With five movies coming out this year, 19-year-old Roberts is poised to graduate to full-fledged ingénue in 2010. These are impressive roles in major projects, and will give Roberts the chance to show the kind of range that movie star careers are made of. In Joel Schumacher’s adaptation of Nick McDonnel’s novel Twelve—a book which caused a stir when it first appeared because of its blunt portrayal of drug-addicted Manahattan-based rich kids—Roberts plays Molly, the one character who stays clean. “I’m the moral compass of the movie,” she says. “My character is the metaphor for everything that’s good, while everyone else is doing all this messed-up stuff.” In It’s Kind of a Funny Story, Roberts gets a crack at playing the opposite—a teen so troubled she cuts her own face. “It’s a comedy, but it’s really dark,” she says. “The cuts looked really real and creepy… It was something about her that was personal. It was there on her face but you never really talked about it, which was cool.” And in the indie Homework, she gets to do something different yet again, this time playing a role she describes as reminiscent of Penny Lane, the uber-mature teenage band groupie made indelible by Kate Hudson in Almost Famous. “I’ve always wanted to do a part like that,” she says. “It’s going to be a really special movie. It’s really close to my heart.”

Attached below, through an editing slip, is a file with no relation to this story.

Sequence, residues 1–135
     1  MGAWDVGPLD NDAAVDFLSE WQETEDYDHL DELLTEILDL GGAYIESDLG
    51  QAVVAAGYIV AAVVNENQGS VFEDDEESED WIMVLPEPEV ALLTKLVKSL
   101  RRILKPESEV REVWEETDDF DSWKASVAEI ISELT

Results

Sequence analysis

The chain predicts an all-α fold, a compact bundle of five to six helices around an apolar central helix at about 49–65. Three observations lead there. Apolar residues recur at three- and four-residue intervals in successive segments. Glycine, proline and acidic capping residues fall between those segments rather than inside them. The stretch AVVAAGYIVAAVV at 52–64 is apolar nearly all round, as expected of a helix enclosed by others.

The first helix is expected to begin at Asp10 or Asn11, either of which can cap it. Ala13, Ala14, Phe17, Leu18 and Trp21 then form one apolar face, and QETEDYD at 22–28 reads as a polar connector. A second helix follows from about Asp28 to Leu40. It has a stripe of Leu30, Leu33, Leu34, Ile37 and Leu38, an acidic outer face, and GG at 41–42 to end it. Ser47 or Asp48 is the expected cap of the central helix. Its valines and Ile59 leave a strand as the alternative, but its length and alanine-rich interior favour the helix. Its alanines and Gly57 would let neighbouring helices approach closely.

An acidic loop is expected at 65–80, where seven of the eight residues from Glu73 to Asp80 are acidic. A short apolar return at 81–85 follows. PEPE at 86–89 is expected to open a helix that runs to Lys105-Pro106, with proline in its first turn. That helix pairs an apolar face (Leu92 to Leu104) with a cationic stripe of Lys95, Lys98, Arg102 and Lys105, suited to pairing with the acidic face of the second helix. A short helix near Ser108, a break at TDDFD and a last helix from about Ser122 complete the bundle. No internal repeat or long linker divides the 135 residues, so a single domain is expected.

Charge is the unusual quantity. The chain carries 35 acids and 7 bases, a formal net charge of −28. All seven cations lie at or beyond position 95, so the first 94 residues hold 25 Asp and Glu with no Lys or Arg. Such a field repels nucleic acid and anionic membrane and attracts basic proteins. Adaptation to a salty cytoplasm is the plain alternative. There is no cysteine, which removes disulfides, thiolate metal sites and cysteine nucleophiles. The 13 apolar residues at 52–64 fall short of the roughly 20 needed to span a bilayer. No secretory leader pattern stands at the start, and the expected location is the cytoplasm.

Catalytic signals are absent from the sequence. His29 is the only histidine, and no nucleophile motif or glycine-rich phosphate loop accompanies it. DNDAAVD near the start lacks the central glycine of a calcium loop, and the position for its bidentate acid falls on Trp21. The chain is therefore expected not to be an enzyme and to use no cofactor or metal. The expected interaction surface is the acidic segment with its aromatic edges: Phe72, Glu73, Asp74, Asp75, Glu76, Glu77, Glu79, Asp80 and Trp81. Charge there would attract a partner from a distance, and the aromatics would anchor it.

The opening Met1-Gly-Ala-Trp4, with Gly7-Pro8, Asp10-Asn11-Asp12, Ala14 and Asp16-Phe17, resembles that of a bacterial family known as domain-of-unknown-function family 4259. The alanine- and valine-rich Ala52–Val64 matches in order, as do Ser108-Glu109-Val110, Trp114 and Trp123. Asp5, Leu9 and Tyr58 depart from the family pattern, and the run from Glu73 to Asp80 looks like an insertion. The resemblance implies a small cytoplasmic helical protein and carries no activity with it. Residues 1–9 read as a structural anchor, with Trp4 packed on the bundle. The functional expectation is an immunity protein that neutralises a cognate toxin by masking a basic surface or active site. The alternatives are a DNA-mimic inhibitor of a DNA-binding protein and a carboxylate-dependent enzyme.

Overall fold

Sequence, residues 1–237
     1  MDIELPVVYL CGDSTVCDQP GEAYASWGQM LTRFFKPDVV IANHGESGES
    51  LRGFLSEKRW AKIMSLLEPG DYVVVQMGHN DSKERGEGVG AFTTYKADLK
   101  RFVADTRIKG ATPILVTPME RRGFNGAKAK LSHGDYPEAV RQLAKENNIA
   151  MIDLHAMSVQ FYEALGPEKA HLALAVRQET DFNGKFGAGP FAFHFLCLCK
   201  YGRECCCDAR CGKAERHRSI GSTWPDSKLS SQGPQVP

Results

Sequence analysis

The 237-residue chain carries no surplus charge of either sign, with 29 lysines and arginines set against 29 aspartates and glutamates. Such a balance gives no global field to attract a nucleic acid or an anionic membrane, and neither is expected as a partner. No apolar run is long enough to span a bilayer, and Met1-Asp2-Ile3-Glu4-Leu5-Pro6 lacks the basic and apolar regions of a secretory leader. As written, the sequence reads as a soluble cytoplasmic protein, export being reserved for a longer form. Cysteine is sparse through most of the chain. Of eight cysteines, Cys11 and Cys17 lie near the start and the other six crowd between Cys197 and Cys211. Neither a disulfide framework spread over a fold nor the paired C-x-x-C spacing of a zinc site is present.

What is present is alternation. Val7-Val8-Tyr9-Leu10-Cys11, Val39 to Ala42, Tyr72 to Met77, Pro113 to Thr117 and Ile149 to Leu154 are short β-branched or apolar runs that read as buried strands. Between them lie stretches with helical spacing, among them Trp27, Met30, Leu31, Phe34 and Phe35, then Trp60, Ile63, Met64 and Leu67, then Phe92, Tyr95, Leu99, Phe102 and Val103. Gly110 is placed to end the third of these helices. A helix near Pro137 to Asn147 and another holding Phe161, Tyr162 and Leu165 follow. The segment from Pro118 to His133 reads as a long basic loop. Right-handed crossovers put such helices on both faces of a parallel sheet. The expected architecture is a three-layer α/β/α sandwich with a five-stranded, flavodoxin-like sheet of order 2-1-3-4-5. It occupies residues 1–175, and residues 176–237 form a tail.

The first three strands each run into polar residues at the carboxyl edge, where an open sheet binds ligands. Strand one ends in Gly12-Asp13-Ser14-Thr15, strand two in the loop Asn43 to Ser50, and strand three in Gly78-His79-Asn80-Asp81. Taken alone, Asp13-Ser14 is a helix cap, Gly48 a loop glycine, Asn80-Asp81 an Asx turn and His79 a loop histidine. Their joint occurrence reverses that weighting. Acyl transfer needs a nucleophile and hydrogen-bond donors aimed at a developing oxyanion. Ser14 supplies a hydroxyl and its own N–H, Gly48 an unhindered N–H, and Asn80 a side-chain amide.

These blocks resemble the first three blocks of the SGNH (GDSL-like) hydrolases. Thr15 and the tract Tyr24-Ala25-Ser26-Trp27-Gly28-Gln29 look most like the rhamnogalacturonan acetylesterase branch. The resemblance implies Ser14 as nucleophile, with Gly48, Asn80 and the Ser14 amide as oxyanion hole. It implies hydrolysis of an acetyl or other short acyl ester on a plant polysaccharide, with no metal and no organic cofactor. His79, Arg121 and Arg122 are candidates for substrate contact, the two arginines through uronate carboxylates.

Despite her family’s well-diagnosed case of the acting bug (her father, actor Eric Roberts, has two actor sisters: Julia Roberts and Lisa Roberts Gillian), the impetus to pursue a career in front of the camera was Roberts’ own. “Everyone tried to steer me away from acting,” she says, curled up on a velvet couch at her favorite hangout, the lobby of the Chateau Marmont. “Finally, my mom let me go on an audition for Blow to shut me up, and then I got the part. Luckily, my family has been really supportive.”